6. Write a book review for a literary journal or newspaper. While this certainly takes more time, a good review goes a long way. It also helps the author feel that the book is getting a thorough reading, that people are trying to understand what it was about or how it was working. It’s also a good way for you to get some publication credits and perhaps a foot in the door at a literary journal.
  7. Post a favorite quote from the book to your Facebook or MySpace page. A small thing again, but it helps make others aware of what you’re reading and why it might be important.
  8. Share poems from the book on occasions that seem fitting. I was pleasantly surprised to learn recently that one of my poems had been used in a sermon.
  9. Loan out or give copies of the book to family, friends, and acquaintances. Widen the circle of readers. It’ll give you something to talk about with your friends, perhaps open a new dialogue with someone you don’t know as well.
  10. Attend local book readings and bring your friends. When the poet/author is in your area, try to attend some of the readings. If possible, come with someone else – maybe even a group. You may be introducing people to poetry for the first time or you may be bringing like-minded literary folk, but in either case, not only will your presence be appreciated by the poet, the spillover affect of exposing more people to that poet’s work can be tremendously helpful in spreading the word. And who knows, they may also buy books!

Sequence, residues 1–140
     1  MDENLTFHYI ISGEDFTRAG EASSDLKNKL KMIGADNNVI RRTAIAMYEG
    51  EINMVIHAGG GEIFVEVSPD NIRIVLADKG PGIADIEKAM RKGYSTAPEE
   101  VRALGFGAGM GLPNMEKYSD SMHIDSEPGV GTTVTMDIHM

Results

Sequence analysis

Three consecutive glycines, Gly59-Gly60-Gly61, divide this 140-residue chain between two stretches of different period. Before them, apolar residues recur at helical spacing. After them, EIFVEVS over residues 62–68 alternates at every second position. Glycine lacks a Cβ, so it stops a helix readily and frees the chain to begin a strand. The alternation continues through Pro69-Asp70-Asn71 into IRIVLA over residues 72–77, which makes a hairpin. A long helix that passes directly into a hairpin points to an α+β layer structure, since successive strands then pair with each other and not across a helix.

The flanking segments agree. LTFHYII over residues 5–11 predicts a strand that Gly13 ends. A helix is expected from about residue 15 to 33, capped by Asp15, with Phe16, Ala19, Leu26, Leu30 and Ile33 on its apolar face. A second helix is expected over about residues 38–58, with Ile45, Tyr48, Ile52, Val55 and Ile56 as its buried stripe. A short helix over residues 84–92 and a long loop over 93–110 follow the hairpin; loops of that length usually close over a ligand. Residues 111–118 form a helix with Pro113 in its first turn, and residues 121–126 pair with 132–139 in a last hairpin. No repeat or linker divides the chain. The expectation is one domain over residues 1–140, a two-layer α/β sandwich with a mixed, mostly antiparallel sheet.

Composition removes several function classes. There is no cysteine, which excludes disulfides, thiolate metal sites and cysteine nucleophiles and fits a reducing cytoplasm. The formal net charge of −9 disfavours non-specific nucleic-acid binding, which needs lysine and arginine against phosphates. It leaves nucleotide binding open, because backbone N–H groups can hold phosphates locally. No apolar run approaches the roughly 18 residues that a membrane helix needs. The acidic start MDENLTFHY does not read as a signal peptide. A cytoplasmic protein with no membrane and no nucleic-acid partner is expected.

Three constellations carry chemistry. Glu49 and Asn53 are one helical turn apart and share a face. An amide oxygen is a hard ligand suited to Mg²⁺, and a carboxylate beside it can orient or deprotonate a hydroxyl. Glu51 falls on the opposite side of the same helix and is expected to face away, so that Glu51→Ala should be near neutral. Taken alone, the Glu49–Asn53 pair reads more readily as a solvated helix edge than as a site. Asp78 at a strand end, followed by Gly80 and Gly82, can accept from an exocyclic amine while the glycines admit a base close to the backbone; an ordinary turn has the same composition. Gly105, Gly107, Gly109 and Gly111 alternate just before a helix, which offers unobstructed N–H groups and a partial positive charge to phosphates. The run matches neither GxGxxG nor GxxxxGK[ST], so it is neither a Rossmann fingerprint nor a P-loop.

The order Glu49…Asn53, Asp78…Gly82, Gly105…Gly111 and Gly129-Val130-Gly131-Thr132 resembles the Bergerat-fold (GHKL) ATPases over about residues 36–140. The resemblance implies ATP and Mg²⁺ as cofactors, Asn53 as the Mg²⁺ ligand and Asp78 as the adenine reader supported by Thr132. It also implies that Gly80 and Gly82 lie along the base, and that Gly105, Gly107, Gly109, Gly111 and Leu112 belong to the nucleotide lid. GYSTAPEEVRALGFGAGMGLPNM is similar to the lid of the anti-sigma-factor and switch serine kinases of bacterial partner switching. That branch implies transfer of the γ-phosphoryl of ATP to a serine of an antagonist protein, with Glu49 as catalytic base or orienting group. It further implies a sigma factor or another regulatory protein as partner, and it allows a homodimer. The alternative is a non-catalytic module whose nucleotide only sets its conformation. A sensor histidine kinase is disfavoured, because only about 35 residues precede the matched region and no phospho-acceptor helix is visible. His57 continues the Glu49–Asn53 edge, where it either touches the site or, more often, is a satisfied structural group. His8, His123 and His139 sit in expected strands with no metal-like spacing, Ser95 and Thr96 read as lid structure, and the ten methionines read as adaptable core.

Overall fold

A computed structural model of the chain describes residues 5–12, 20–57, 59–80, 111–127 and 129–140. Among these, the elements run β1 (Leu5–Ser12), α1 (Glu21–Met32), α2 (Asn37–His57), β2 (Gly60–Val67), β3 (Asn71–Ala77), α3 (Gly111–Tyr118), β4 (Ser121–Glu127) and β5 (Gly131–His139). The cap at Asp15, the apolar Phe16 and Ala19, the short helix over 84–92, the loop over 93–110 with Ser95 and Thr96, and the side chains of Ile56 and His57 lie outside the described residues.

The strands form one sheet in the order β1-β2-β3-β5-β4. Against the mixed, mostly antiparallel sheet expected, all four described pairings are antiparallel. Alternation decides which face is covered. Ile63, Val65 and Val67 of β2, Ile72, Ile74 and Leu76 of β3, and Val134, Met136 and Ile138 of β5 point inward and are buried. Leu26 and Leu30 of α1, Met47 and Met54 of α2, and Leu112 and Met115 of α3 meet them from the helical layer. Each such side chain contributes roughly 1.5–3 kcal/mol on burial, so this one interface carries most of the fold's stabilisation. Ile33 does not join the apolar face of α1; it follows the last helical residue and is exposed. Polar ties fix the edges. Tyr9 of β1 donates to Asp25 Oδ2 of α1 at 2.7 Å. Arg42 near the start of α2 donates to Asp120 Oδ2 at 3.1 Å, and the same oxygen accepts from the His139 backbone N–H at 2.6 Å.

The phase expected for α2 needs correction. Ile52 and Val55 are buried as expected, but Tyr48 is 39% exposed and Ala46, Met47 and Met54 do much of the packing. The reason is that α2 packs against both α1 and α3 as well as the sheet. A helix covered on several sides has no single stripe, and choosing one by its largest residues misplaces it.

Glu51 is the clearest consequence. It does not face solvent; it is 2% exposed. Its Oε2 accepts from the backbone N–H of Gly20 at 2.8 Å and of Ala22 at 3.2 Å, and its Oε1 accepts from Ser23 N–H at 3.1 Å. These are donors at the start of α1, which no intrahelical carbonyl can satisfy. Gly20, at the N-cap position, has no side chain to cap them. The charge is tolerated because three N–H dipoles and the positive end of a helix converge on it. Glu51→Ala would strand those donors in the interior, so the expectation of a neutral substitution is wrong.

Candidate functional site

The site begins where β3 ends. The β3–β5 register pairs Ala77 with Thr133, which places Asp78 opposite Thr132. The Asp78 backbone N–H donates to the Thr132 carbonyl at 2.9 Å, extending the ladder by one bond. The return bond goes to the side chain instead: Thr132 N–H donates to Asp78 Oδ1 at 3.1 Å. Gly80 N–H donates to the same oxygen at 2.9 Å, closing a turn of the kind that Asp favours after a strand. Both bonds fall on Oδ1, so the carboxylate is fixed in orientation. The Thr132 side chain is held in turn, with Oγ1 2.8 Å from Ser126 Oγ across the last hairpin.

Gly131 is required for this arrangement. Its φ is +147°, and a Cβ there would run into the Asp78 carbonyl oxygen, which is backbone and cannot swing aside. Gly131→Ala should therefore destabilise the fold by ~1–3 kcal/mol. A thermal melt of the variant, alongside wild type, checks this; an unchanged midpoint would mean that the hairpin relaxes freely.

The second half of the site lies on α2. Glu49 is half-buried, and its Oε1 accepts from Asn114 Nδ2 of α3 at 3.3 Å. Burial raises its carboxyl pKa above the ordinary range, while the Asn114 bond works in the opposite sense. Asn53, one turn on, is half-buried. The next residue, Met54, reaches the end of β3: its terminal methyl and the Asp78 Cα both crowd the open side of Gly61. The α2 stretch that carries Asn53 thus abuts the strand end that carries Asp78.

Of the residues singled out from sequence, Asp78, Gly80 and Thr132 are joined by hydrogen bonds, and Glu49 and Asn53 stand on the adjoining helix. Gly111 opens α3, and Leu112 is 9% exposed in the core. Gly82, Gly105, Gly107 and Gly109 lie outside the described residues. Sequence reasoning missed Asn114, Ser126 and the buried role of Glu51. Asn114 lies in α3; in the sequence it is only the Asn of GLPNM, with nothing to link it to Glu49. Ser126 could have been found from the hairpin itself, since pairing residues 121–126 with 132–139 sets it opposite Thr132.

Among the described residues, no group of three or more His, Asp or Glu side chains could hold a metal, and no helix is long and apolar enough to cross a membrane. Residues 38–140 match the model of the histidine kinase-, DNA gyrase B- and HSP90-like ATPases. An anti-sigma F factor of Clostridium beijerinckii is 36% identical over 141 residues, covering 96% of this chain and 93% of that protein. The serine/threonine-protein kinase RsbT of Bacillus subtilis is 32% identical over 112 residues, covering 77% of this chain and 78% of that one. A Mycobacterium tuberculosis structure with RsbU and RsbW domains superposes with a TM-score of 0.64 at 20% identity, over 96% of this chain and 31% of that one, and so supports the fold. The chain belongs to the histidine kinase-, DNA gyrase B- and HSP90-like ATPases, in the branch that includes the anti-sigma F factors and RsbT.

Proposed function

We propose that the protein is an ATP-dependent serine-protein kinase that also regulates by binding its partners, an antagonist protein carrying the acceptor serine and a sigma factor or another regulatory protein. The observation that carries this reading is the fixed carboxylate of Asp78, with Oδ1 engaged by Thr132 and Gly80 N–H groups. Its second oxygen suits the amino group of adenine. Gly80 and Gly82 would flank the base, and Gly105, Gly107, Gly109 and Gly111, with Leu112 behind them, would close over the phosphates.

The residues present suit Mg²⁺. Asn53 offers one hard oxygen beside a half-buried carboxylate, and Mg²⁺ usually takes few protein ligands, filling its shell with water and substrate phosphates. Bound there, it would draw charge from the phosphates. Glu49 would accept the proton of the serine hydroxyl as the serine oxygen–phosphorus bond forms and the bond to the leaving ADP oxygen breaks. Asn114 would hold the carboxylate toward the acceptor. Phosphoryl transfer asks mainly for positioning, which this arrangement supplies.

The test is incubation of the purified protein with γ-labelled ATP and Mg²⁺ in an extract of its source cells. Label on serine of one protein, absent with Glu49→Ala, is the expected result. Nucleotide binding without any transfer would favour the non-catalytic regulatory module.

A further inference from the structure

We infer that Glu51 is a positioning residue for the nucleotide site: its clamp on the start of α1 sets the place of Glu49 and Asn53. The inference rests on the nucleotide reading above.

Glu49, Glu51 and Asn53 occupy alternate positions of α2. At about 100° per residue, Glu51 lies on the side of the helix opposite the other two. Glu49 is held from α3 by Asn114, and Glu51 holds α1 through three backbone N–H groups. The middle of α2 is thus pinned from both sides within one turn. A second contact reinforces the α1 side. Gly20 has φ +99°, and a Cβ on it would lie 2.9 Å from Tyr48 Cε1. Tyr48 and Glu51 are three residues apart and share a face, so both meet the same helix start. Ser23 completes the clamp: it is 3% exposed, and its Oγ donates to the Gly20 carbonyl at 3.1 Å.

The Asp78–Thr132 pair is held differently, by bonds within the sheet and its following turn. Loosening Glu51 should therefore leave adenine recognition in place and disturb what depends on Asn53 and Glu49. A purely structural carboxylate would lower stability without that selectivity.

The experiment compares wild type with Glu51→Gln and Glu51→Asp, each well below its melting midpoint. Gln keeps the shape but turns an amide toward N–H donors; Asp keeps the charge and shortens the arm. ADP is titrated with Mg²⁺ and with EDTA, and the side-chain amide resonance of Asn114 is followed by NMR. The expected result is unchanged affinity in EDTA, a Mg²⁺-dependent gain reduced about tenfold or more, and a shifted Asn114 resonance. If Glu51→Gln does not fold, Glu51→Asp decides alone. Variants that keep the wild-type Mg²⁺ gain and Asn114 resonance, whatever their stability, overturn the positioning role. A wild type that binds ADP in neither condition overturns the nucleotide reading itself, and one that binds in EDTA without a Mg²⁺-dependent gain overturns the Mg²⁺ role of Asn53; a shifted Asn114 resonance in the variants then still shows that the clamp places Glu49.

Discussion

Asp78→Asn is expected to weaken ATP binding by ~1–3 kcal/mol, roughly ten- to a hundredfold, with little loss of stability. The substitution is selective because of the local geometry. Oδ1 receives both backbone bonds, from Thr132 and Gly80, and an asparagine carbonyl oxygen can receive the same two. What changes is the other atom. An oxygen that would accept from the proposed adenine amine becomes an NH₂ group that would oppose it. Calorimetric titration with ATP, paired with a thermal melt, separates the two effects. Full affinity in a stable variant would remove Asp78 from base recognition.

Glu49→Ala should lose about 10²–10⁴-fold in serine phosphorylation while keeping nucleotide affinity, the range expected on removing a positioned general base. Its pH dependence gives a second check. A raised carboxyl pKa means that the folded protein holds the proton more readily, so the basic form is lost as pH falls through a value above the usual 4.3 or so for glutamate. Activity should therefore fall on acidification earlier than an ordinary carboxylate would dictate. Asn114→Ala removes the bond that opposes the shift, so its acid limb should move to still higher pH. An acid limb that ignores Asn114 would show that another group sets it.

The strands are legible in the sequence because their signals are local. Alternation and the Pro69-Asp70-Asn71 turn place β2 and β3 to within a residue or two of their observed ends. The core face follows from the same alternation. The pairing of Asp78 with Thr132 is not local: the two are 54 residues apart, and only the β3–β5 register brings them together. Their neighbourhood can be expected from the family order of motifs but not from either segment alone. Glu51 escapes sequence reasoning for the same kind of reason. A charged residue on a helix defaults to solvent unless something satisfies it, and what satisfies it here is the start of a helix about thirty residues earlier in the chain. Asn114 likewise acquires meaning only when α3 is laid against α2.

11. Send a note to the poet. It doesn’t have to be long or eloquent, it’s just good to know that people are reading the book. Especially people who aren’t blood-related to us.
  12. Recommend the book for classroom use. If you’re an instructor, use the book as one of the classroom texts. If you’re a student, use it for a paper or recommend it to the instructor.

April 21, 2009

Birthday Post

Filed under: Uncategorized — admin @ 11:21 am

I’ve grown a year older, or least that’s what the calendar tells me. Sadly the day will be spent occupied with school work, teaching, and presentations. As I get older I find myself doing less to mark this day. In part, it’s sometimes hard to know what to feel – I share the anniversary of my birth with the anniversary of my father’s death.

So for today, I’ll simply leave you this suite of new music based on four poems from my book which was composed by the extremely talented Juhi Bansal. The pieces are named after the poems and pay homage to my father and gesture toward the larger farewells we all experience.

The Lost Country of Sight

Loss turns to beauty. Longing bends one back toward home. A father to a son. A son to a father. Word to song. The blank page to an open world.

Listen to more of her work here

April 17, 2009